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Ridgeback picks its five key bikes over 30 years - BikeBiz

Ridgeback picks its five key bikes over 30 years

We speak with product designer Toby Howes about landmark bikes, how three decades have changed the brand and a new road bike range...
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The brand started with a single mountain bike. How big is the range now?
It fluctuates between around 55 to 60 models, excluding colour options.

How far has Ridgeback’s mission changed from back in 1983?
In terms of quality and design, our basic ethos remains unchanged. We strive to offer a quality product, that is durable and reliable and one which can be passed on for more use but more than that, we want the resulting rider experience to ensure that a Ridgeback owner has no hesitation in recommending the brand to others. Which is what happens.

If you had to pick out three milestones over the 30 years, what would they be?
1 The first; Ridgeback being the first UK MTB in 1983. Credit needs to go to the company’s founder Errol Drew who back in 1982 at the New York Bike Show, spotted a strangely robust bike that looked as if it was the two wheeled equivalent of a 4WD car. With a high degree of conviction I recall he said, ‘Toby, this is the future of cycling’. I will also admit that at that moment, I didn’t see the potential of this ‘mountain bike’ as strongly as he did.

2 Secondly, In 2001 we created the flat bar road bike. Yes, Ridgeback was the first commercially available bike of this type. Originally named Genesis, this new breed of fast commuter sports bike was definitely one of the last significant developments in cycle genres. Shimano had created a set of road group compatible flat bar controls and front derailleur the year before but with little interest from bike makers. At the time, I was riding a self-customised road bike with a straight bar and caliper brakes … which were hard work as the incompatibility of brake and lever meant the system lacked sufficient leverage to get good braking. Shimano’s new flat bar components addressed this issue.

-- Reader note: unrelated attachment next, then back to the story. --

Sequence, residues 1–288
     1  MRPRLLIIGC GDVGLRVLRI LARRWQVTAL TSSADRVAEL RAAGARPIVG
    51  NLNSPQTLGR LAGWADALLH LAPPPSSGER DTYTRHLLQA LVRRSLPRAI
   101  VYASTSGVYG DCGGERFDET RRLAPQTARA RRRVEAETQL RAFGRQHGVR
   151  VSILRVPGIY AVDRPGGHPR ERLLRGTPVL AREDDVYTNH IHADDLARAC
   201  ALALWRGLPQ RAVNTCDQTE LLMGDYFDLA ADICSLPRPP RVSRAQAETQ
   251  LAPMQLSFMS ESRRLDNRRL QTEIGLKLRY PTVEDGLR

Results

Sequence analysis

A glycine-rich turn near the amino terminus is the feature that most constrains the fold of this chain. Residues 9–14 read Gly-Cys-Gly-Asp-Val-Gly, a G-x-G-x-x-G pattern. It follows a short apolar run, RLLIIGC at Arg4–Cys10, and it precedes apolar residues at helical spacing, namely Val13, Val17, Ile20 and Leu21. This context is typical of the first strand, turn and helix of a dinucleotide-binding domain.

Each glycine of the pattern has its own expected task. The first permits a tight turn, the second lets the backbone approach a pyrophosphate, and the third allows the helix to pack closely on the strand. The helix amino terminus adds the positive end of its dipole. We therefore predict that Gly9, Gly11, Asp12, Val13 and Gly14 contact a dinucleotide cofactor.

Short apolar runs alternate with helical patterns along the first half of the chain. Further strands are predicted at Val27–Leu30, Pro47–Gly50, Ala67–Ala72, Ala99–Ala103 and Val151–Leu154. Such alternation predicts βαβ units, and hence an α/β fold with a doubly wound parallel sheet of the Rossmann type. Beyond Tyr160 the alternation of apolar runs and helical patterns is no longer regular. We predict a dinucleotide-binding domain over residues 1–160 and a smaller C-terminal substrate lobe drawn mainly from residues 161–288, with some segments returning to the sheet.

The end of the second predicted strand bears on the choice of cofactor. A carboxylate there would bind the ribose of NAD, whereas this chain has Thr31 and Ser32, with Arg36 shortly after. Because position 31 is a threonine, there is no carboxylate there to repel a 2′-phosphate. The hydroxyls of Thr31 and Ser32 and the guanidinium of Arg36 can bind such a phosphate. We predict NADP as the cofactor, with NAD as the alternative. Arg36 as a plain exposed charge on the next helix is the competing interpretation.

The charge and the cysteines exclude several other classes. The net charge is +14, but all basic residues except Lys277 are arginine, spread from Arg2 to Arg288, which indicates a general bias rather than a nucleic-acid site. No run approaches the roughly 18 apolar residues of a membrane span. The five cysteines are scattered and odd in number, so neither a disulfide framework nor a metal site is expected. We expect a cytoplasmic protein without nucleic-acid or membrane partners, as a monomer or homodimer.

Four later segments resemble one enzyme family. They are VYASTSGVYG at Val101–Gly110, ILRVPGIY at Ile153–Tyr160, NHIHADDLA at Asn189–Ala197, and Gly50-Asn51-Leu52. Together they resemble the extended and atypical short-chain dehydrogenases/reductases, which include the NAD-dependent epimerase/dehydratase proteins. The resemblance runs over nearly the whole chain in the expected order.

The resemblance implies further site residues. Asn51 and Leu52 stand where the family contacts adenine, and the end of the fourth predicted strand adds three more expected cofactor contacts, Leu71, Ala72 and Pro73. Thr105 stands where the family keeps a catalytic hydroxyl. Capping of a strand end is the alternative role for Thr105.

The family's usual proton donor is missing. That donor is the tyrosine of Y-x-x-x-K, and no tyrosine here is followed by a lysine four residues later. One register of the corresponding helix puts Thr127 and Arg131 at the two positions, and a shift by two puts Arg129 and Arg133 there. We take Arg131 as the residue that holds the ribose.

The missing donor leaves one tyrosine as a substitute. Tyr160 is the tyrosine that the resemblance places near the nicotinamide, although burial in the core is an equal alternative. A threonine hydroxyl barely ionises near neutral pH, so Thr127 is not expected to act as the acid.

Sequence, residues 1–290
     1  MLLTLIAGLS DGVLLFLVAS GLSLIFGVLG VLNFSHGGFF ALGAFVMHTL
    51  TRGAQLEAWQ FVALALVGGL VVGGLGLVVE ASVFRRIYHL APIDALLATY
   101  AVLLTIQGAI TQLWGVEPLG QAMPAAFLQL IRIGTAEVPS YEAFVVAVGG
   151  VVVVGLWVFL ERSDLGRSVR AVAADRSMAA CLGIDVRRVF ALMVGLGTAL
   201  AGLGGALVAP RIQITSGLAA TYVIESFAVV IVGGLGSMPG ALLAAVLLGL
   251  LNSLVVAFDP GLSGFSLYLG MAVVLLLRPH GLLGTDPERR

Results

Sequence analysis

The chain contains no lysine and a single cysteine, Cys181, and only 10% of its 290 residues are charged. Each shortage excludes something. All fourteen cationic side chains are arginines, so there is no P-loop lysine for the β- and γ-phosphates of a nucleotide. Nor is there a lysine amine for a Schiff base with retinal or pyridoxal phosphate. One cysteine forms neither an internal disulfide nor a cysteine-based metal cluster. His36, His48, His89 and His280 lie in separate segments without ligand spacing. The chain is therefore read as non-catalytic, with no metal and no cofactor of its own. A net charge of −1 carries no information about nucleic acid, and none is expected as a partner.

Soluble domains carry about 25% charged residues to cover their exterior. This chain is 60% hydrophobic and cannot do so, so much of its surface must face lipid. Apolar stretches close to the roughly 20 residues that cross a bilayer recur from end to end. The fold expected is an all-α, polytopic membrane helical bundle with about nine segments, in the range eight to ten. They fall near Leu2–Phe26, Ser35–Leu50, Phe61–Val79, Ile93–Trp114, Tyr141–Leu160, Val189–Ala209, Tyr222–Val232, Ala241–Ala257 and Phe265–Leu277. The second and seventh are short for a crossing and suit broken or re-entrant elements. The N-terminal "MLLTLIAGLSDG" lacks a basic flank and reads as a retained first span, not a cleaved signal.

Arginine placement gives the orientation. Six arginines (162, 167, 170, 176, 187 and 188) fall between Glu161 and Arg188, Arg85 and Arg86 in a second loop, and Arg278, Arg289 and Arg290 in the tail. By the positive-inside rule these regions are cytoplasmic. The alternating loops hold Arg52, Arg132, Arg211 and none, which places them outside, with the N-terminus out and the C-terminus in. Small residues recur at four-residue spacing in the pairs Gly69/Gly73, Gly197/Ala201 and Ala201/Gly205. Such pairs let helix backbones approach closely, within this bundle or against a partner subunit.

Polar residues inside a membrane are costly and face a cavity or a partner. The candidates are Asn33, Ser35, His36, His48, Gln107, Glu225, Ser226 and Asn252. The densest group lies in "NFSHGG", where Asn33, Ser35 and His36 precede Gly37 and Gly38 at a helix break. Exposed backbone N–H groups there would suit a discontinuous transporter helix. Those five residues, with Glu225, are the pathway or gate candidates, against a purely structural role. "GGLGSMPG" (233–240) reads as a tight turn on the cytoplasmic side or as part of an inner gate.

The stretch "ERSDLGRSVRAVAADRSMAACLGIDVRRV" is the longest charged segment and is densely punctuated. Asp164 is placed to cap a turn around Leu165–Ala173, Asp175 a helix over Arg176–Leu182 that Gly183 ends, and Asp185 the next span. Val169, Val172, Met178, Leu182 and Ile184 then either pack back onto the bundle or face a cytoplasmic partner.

I remember thinking there must be others who’d want to ride on a bike like mine, so we developed a couple of models, ordered a container full and bingo, they sold out instantly. When we visited Eurobike that year, I fully expected to see flat bar bikes from all of the big players. But no! They didn’t start picking up on it until 2002. Shortly after, Shimano very kindly sent me a pair of R540 wheels with a note thanking us for getting things going in terms of flat bar road bikes.

3 Last of all, pioneering disc brakes on road going bikes. In 2008, to mark our 25th anniversary, the R25 was launched. This was a limited edition flat bar bike based on a prototype I was riding at the time. Six years ago, there were almost no disc equipped road or hybrid bikes, so looking back, the R25 was a clearly a precursor of the faster commuter sports bikes of today. We’ve always been a fan of hydraulic discs as they really do offer advantages, especially for everyday commuters. Great stopping power wet or dry, low pad wear and no cables to lubricate. We’ll be introducing hydraulic discs on some of our best-selling commuter bikes in 2015 including Element and Supernova.

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And can you pick your key bike models over the decades?
1 The first Ridgeback … for obvious reasons!



2 The somewhat racy sounding Roxy. Ridgeback’s first 700c model. It was the Velocity of its day ... back in 1990.

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3 The Ridgeback Genesis Day 01 … as described above.